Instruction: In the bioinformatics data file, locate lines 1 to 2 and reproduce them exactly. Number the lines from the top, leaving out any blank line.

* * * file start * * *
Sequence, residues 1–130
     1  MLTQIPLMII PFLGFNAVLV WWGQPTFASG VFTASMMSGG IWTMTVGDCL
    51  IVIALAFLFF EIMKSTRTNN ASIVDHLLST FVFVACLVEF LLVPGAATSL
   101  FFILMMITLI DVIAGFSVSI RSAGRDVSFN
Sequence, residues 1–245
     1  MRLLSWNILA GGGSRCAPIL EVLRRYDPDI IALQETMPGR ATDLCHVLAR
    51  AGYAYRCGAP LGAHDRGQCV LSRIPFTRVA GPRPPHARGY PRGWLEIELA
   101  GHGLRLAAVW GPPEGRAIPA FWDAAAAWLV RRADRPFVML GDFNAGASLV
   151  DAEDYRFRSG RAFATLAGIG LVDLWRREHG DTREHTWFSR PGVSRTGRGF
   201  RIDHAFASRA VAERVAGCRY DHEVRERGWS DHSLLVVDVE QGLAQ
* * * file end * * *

Sequence, residues 1–130
     1  MLTQIPLMII PFLGFNAVLV WWGQPTFASG VFTASMMSGG IWTMTVGDCL